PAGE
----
DSC_0058DSC_0065Rather than a free standing mountain, Yoshinoyama is a north-facing mountain slope. It is divided into four areas: the Shimo Senbon (lower 1000 trees) at the base of the mountain, Naka Senbon (middle 1000 trees), Kami Senbon (upper 1000 trees) and Oku Senbon (inner 1000 trees) at the top of the mountain. Visitors can enjoy the cherry trees as they ascend the mountain, passing Yoshino’s touristy town with its various temples and shrines, and enjoying hanami in the parks and viewpoints along the way.DSC_0067

The Shimo Senbon (lower) area encompasses the base of the mountain around Yoshino Station and the lower part of the town. The Yoshino Ropeway bypasses the steep ascent between the station and the town, but waiting times for the ropeway can get very long during the peak of the season. Lots of cherry trees are planted along the road up to the town, making the ascent on foot an attractive alternative to the ropeway.

The Naka Senbon (middle) area covers the rest of the town along the ridge of the mountain. This is where the majority of Yoshino’s accommodations, shops, restaurants, temples and shrines are found, including Kinpusenji Temple and Yoshimizu Shrine. The view up the mountain from Yoshimizu Shrine is particularly famous.

Towards the top of the Naka Senbon area lies the Naka Senbon Park, one of the most attractive spots for holding hanami picnics under the trees. The park spans several small hills that are covered by cherry trees and offer views onto even more cherry trees. Especially in good weather, the atmosphere here is delightful.

Further up the mountain in the Kami Senbon (upper) area, the town begins to thin out. Kami Senbon tends to be a little less crowded and slightly quieter than the lower parts of the mountain, and several small parks provide nice places to take a break. The most famous panoramic view of Yoshinoyama can be enjoyed from the Hanayagura View Point, about one hour on foot from the upper ropeway station.

The Oku Senbon area has by far the fewest cherry trees and does not offer any views of the cherry tree covered mountain slopes. However, the trees here bloom about a week behind the rest of Yoshinoyama, so it may be worth visiting if you are too late to see the blossoms along the lower slopes. The best hanami spot in the Oku Senbon area is the Takagiyama Observation Deck roughly a 90 minute walk from the ropeway station.

And, we didn’t know the bus we took is going down the mountain is not going to the train station. oh my, our boo boo experience. We have to ride again a bus going back to the top of the mountain and down to the Train station.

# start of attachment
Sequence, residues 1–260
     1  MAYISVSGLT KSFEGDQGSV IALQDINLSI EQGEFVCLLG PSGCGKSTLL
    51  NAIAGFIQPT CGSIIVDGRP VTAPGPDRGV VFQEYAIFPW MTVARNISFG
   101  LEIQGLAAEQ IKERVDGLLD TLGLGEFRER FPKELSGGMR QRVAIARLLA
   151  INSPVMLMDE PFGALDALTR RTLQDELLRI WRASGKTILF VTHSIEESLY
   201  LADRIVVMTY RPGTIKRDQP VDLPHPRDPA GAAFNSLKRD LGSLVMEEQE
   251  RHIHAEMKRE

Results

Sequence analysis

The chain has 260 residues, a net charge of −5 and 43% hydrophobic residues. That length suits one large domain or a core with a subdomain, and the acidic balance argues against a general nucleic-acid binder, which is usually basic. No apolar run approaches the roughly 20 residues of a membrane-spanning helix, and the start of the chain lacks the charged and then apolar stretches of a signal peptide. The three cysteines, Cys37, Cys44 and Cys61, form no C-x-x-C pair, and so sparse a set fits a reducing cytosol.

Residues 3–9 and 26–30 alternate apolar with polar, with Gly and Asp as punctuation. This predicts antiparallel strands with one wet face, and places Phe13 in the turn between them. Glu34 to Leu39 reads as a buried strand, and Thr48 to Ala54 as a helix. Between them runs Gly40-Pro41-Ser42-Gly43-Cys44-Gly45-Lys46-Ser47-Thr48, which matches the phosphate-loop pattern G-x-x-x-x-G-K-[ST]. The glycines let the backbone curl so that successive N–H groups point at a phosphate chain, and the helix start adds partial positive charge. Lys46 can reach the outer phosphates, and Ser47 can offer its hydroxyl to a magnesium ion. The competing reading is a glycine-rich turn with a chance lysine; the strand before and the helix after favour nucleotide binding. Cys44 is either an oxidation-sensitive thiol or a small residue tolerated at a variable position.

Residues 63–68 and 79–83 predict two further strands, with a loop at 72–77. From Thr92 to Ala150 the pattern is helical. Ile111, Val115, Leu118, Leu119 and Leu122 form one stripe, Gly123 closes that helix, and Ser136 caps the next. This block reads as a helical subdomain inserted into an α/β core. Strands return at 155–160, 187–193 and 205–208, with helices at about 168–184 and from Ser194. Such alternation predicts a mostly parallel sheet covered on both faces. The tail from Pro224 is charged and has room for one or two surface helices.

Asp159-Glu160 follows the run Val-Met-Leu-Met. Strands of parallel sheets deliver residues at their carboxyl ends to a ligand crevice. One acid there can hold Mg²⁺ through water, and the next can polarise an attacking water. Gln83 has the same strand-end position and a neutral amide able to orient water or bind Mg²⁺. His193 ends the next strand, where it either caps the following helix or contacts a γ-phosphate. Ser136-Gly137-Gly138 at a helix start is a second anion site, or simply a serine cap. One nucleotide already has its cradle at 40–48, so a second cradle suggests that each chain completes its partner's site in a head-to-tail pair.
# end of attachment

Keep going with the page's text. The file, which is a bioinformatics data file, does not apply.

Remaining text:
I had a time took a video from the bus and walking down the mountain, i hope you like it.

This is my first time to edit video and i don’t know if this is right in editing. anyway, for personal use only. 

 

Thank you for visiting….

***bye***

Sakura (Cherry Blossoms) Viewing

yup, we have the chance to view it… coz’ this is also the day that it won’t rain.

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we came early so, that we can view the park and for sure people also grab the opportunity that today won’t rain.

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we took the train for 300yen to tour around the vicinity of the park

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and now, I would like to share photos of the cherry blossom…

so wow… amazing and beautiful.

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around 12noon the park is getting crowded. (as seen some pictures above)

Mt. Yoshino Experience

MAP

MAP

We’ve been searching for a lotsa of Cherry Tree here in the mountain. We though we are late, they told us is too early, because in this part of the area (Nara) especially in this mounth usually the Cherry Blossom will bloom around 2nd week of April because of the weather is still cold here. 

Abenobashi - Yoshino

Abenobashi – Yoshino

Sakura Line train

Sakura Line train

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We took a train from Abenobashi to Yoshino station and we tried the Sakura Line Train.  

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before the long walk we eat our breckky and semi-lunch. Home cook taste food. 

Below, are the pictures from the mountain few cherry blossoms (as I said earlier we are early). We (my husband and I) decided to go back again to experience the Mt. Yoshino Cherry blossoms festival. And we never thought we had semi-trekking experience as well, I better wear comfy sneakers here next time. 😉 

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Day Tour @ Kyoto, Japan

I had fun with my Malaysia’s friends but they are from the Philippines. They visit me here in Japan, their first time here. They said, “Japanese people are so honest even though they don’t speak English they respect each other so much.”

We had so much fun in 1 day trip in Kyoto, Japan take note, without my husband. But, we have interpreter my son (i’m so proud of him, he can conversed and read japanese so well and good thing is he passed to continue in studying in Japanese school (public school). Before we had tour in Kyoto, Japan. We visit the nearest and huge temple in our place.

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Katsuo-ji temple (Temple of the winner’s luck)